Late this past week, for the seventh time, Mark David Chapman – the man who murdered Beatles co-founder John Lennon in early-December, 1980 – was denied parole, a decision that didn’t come as a big surprise. It’s also one that I strongly approve – partly because what Chapman did was and remains unforgivable, a feeling shared by not only all who loved and revered Lennon as both musician and icon, but also those loved him the most, including Lennon’s widow Yoko Ono (who’s a better judge of human nature that one might think, considering her opinion that Chapman should stay in prison for the rest of his natural life).
Considering what’s happened in the past thirty-plus years since Lennon’s murder (and to an equal extant, the violence that occurred long before that), it’s impossible to escape the mind-numbing images and suffering that results from such brutal shooting incidents like Columbine. (Add to that the shooting at New York City’s Empire State Building that occurred this past week.) Those who’ve never even faced the barrel of a firearm held by a criminal and/or psychopath throughout their lifetimes know all too well of the consequences of gun violence, a fact that certain people have failed to acknowledge – and still do. Of course, those who came up with the U.S. Constitution’s second amendment – the right to bear arms – couldn’t have foreseen the troubles that firearms would help cause over the next two-plus centuries, especially when they ended up in the hands of hardened criminals and self-delusional mental cases who probably didn’t pay attention to the seventh commandment, namely “Thou shalt not kill.” On the other hand, many of the aforementioned criminals and nutcases who’ve used firearms to commit such senseless violence over the past two-plus centuries probably had some sort of would-be “God complex,” which is more than enough to actually sicken the actual God.
The bloody and senseless violence caused by men like Chapman has and will always continue to affect the psyche of not only the murder victims’ families and friends, but also those who were shot yet survived and the eyewitnesses who know all too well that they might be the next to fall to the kind of violence that continues to defy explanation. But if almost everybody who’s ever been affected by said violence – including victims, survivors, and eyewitnesses – can never escape the graphic and traumatic images that would give even Jesus Christ nightmares, those responsible for committing said violence can never escape their actions, including the unrepentant who still believe that their actions were justified. In the end, however, the proven guilty – including those who’ll never regret their actions – will have to answer to an authority even higher than the world’s courts of law; only in death will the souls of the truly guilty realize that they had no right to play God – or that nothing good can ever come out of their violent actions.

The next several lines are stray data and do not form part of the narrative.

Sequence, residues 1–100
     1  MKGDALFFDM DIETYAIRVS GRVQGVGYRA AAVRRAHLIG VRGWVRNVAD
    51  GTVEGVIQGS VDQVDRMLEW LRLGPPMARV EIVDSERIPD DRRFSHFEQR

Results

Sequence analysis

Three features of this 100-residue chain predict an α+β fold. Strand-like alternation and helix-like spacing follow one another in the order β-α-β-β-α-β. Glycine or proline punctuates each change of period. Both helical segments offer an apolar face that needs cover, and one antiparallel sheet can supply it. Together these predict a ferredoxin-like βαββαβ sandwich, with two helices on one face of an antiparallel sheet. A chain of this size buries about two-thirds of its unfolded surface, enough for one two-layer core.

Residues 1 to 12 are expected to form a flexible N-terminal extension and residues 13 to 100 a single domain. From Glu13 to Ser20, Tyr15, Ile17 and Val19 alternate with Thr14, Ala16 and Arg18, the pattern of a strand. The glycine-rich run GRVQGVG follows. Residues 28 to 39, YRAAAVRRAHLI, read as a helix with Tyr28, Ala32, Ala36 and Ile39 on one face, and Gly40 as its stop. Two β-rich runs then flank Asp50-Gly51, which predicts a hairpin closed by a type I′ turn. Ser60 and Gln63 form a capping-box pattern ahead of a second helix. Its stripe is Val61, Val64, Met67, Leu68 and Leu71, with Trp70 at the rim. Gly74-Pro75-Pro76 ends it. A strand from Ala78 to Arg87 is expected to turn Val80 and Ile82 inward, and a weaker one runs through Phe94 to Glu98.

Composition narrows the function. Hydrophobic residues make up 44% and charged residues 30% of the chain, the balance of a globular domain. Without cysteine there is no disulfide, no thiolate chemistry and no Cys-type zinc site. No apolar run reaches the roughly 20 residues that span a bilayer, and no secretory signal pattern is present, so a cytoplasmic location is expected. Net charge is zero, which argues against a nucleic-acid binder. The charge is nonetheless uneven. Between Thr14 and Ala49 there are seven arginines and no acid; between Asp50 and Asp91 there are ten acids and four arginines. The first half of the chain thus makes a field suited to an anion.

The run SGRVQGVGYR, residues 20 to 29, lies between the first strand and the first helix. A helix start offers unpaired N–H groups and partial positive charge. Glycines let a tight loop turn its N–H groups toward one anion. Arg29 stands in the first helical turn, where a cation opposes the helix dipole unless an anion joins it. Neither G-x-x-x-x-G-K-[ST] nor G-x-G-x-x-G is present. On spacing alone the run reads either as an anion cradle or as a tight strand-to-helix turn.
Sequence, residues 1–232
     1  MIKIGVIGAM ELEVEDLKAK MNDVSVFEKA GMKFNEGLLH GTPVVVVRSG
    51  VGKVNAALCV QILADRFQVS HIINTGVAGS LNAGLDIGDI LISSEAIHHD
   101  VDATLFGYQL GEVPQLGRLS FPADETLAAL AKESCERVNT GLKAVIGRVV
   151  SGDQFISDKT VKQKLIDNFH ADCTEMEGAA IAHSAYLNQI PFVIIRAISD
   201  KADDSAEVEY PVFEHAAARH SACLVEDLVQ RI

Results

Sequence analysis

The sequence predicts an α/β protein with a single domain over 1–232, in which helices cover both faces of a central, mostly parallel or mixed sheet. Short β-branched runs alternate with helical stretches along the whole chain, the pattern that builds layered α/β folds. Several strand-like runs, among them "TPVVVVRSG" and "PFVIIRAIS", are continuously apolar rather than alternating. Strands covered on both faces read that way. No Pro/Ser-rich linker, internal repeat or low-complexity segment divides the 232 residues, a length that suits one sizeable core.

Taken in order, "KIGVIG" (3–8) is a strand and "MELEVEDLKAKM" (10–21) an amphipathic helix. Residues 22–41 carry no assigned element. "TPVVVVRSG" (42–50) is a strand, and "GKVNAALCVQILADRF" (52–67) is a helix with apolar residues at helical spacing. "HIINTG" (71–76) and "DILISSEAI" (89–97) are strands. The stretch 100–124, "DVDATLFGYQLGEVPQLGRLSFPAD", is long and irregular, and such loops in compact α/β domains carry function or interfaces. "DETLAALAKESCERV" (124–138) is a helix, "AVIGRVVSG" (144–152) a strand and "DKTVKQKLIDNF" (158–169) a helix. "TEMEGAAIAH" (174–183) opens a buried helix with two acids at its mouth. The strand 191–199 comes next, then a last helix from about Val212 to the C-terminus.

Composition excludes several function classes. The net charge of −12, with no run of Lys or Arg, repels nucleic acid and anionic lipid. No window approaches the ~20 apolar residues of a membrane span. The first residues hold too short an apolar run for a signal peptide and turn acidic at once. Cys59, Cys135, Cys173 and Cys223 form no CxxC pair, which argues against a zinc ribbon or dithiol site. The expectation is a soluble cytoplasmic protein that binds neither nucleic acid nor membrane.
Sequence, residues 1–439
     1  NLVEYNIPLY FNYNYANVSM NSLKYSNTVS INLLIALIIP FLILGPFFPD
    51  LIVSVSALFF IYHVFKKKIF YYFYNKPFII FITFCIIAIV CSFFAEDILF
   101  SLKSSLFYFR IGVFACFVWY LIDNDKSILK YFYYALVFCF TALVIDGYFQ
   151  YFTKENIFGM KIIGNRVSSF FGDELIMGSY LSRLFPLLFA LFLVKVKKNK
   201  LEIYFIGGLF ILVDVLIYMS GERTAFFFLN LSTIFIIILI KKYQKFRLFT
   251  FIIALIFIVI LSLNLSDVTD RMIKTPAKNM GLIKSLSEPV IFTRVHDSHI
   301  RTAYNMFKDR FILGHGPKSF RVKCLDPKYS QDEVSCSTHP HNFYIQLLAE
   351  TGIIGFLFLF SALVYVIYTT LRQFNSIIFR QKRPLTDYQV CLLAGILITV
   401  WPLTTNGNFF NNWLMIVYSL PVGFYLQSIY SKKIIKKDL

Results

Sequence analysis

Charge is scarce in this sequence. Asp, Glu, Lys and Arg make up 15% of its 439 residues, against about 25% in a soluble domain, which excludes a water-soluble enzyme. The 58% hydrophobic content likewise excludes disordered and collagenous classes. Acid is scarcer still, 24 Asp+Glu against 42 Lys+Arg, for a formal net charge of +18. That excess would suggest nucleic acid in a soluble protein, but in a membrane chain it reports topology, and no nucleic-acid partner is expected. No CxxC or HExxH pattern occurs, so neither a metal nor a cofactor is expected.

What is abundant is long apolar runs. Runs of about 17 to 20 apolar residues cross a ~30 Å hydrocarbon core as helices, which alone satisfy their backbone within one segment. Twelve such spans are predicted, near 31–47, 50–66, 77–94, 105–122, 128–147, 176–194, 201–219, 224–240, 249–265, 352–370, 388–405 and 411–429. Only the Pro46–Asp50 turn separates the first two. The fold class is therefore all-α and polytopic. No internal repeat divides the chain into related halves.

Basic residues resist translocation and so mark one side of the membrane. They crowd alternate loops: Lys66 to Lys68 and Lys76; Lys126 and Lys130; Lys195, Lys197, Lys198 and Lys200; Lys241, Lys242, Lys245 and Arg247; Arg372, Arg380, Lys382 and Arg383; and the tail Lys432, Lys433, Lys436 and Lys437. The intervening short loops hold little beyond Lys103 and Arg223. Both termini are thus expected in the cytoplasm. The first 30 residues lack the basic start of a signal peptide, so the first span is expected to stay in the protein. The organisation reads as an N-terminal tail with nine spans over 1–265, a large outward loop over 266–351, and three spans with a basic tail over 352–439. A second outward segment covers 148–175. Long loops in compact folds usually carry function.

John Lavernoich is the author of the novels Code Name: Chameleons and Chameleons To The Rescue, as well as various non-fiction articles and short stories that have been published in print and on the Internet — to learn more about Mr. Lavernoich and his writing achievements, please visit his official website (http://johnlavernoich.sharepoint.com), as well as his pages on Windows Live Spaces (http://cid-ef88d131988ab38f.profile.live.com), Facebook (http://www.facebook.com/john.lavernoich?ref=name), MySpace (http://www.myspace.com/jlavernoich), Twitter (http://twitter.com/JLav65), and WordPress (https://johnlav.wordpress.com). Mr. Lavernoich also maintains his own video channel on YouTube (http://www.youtube.com/user/JLav65?feature=mhsn) as well as his own Author Spotlight page on Lulu Books‘ website (http://www.lulu.com/spotlight/Highroad).
©2012 John Lavernoich.